Crunch the numbers – with a focus on maintenance costs and exchange fees – to ensure a timeshare is a smart investment.(GETTY IMAGES)

TIMESHARES CAN BE A WAY to own a piece of property in a vacation destination, but think twice before adding a timeshare to your investment portfolio. “I have never heard of a timeshare being sold for profit by anyone other than the resorts,” says Gordon Newton, president of Gilbert, Arizona-based Newton Group Transfers, which helps people exit their timeshares.

That’s because a timeshare, which typically costs up to $50,000 up front from a developer, also comes with maintenance and exchange fees that can be several thousand dollars per year.

 

That doesn’t stop the $8.6 billion industry from remaining a popular way for people to travel: About 9.2 million U.S. households own at least one timeshare, according to the American Resort Development Association International Foundation (AIF). In 2015, 46 percent of timeshare sales were from new owners.

Determining the value of a timeshare depends on your goals and purpose for buying, so heed the following tips from financial and timeshare pros before making a move.

Buy for the memories, not cash flow. “What a timeshare is good for is creating memories with family and friends,” says David Yu, a certified financial planner and founder of Pacific United Planning in Diamond Bar, California. Yu owns two Marriott timeshares but does not expect them to appreciate in value or provide income. Instead, he purchased his timeshares as a way to force himself to get away from work and take vacations, which timeshare owners seem more inclined to do. The AIF reports timeshare owners took more than three vacations in 2015.

By buying into a large developer’s network, Yu is able to take advantage of a broad, attractive portfolio of resorts that can be used in a timeshare exchange if he wants to vacation in an area where his own network doesn’t have a presence.

Examine the numbers. A timeshare’s maintenance fees are the number one reason people want to end their timeshare ownership, Newton says, noting that in 2005 the average annual maintenance fee was $471, compared to $971 in 2016 – a cost rising faster than inflation.

There may also be weekly exchange fees of about $200 if you want to use a timeshare in another location instead of your own, Newton says.

“If you factor in the cost of a timeshare mortgage, with the average timeshare week costing roughly $20,000, you don’t really benefit financially until many years after owning,” he says, and you may need to pay a timeshare exit company to sell your timeshare when you are done using it.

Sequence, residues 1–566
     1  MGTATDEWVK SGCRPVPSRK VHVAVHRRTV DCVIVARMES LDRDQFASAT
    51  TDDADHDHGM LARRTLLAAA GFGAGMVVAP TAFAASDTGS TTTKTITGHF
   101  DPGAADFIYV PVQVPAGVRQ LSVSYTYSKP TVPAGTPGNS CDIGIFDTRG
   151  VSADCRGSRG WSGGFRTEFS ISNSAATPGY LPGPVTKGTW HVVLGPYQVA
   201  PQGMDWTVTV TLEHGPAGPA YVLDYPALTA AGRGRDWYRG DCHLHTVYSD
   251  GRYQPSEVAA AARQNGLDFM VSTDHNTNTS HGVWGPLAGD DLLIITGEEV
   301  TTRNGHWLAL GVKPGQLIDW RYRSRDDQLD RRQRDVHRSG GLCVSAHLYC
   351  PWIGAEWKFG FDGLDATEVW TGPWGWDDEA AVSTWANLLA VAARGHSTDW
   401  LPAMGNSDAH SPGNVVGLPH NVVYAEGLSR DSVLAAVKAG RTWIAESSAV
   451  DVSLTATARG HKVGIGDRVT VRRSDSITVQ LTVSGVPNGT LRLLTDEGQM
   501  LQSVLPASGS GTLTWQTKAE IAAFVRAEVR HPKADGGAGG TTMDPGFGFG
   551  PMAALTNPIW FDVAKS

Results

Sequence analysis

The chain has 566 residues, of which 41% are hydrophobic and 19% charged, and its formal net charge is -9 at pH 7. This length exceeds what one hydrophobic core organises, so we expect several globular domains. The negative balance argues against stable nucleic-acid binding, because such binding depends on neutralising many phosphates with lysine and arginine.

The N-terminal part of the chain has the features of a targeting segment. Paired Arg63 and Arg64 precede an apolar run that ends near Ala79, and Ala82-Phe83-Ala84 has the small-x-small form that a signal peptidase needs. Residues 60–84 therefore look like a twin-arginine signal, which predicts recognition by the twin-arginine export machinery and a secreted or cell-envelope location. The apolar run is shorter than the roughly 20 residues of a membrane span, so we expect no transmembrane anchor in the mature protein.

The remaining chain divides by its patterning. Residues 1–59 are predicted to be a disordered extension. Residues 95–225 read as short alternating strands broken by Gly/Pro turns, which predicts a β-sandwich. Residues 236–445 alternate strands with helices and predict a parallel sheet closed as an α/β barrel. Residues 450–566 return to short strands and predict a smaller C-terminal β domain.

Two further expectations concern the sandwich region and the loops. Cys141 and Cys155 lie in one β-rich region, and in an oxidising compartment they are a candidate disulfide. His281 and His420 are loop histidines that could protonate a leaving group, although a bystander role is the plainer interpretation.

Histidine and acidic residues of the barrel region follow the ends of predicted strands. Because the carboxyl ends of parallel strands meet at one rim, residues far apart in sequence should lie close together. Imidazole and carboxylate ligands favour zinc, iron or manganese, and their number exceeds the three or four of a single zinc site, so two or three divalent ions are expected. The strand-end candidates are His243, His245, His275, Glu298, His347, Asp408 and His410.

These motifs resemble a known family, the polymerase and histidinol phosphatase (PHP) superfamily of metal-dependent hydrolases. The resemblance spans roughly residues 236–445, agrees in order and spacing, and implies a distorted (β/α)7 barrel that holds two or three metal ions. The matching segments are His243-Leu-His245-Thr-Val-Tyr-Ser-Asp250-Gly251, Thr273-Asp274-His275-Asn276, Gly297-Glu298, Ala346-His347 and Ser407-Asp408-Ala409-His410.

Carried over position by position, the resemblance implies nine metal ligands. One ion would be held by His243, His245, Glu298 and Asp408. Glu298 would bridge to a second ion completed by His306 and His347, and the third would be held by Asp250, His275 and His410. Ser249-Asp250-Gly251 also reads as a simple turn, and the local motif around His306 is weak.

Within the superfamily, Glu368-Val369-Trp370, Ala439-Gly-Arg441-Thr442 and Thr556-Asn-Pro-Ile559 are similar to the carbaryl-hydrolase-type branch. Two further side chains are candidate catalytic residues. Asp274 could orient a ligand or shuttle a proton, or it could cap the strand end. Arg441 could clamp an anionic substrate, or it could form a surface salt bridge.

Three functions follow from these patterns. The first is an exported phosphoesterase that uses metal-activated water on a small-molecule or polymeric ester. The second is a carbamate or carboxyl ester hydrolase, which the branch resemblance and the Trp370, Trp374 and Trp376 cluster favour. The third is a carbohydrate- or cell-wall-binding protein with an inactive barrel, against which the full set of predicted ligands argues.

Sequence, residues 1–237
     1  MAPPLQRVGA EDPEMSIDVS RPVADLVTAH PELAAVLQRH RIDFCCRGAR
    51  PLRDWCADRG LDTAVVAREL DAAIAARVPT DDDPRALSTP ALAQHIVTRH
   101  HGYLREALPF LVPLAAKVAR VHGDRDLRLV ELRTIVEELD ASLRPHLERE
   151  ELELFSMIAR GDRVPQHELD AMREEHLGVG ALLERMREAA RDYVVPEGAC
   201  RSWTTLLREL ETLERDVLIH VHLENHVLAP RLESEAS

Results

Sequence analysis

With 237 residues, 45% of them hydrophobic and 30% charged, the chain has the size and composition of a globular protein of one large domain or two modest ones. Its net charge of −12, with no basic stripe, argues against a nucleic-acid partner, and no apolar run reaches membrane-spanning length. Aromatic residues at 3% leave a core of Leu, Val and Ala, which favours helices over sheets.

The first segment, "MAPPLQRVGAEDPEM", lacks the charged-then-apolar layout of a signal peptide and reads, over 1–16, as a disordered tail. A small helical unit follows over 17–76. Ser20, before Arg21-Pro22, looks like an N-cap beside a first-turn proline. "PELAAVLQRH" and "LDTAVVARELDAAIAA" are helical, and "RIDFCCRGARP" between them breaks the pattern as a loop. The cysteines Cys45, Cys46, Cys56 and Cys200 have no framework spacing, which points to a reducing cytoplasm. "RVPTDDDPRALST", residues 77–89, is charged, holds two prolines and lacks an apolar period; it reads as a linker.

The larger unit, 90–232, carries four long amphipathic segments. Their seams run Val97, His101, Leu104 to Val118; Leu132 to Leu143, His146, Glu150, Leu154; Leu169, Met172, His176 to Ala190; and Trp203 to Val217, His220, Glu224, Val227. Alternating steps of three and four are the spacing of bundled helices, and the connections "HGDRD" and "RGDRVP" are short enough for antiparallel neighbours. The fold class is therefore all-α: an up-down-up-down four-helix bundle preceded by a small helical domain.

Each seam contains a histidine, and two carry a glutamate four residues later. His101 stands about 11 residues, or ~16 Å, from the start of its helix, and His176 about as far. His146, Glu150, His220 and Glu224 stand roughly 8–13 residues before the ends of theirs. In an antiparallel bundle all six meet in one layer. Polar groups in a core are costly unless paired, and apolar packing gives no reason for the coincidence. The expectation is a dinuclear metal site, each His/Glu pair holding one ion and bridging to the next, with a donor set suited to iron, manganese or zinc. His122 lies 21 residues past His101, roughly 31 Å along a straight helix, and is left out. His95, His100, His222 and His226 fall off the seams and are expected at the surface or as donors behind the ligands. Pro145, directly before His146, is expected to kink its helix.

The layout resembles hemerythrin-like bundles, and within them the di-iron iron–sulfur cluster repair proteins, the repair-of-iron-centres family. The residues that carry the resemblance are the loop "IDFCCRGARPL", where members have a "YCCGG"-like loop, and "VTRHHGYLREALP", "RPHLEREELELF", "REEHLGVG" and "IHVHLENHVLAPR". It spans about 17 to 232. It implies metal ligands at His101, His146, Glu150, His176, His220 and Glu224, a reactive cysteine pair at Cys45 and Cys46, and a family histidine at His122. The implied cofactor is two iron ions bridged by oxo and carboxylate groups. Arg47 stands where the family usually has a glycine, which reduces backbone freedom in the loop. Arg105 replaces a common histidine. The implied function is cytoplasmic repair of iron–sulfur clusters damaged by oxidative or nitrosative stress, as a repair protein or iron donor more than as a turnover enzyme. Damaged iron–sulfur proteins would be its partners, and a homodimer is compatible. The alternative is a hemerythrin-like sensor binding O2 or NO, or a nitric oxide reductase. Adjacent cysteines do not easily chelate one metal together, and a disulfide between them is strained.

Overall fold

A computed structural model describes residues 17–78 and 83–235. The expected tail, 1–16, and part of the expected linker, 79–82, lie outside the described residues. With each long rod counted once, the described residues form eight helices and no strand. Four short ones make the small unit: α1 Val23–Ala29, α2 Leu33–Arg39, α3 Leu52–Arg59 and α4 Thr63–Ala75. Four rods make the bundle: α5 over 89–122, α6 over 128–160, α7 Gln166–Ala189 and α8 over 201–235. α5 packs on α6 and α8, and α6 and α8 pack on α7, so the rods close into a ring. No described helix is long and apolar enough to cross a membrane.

In many cases, consumers purchasing on the primary market – for example, from the developer – will end up paying more over the long term than if they had rented comparable hotel accommodations, says Lisa Ann Schreier of The Timeshare Crusader blog. “This [is] despite what the industry puts out in terms of snazzy infographics that you really need to look quite closely at.”

Shop for deals on the resale market. Timeshares can be purchased secondarily online for as low as $100 or even for free from other owners who would like to get out of them. Yu purchased both of his Marriott timeshares for $11,000 total on SellingTimeshares.net.

But be sure to do some due diligence. Yu enlisted a real estate agent to help him ask the right questions and to obtain the kind of properties he wanted. Research occupancy rates, rental rates and the prices of comparable accommodations on vacation rental websites and hotels to get an idea if the timeshare is a good value.

Consider renting out your timeshare. If owning a timeshare is appealing, you can rent out your weeks to make some of your money back, or even a little extra. The average timeshare occupancy rate is about 80 percent compared to the hotel occupancy rate of 64 percent, according to an AIF report.

About 45 percent of timeshare occupants were owners or owners’ guests; 14 percent were exchange guests; 16 percent were renters; and 6 percent were marketing guests, the organization reports. If you purchase weeks of a timeshare in the resale market and you’re good at renting it out, you can pay off your original cost in six years, with a gross return of 6 to 12 percent annually after paying off the properties, says Richard Hayman of Hayman Consulting Group in Potomac, Maryland. Hayman has owned a Marriott timeshare for 22 years.

Yu uses one of his two weeks at a timeshare to vacation and rents out the other for $2,100. The rental pays for about 70 percent of his total annual maintenance fees of about $2,959.

Get creative if you’re looking for an investment. If investing in the vacation rental market appeals to you, look into the cost of purchasing a home outright or participating in crowdsourced vacation rental funding, says Tony Andersen, director of marketing and public relations for FAR International.

 

The company claims that investors of its shared investment properties in up-and-coming Latin American destinations like Colombia get an average 8 percent return and two to three weeks for vacations per year.

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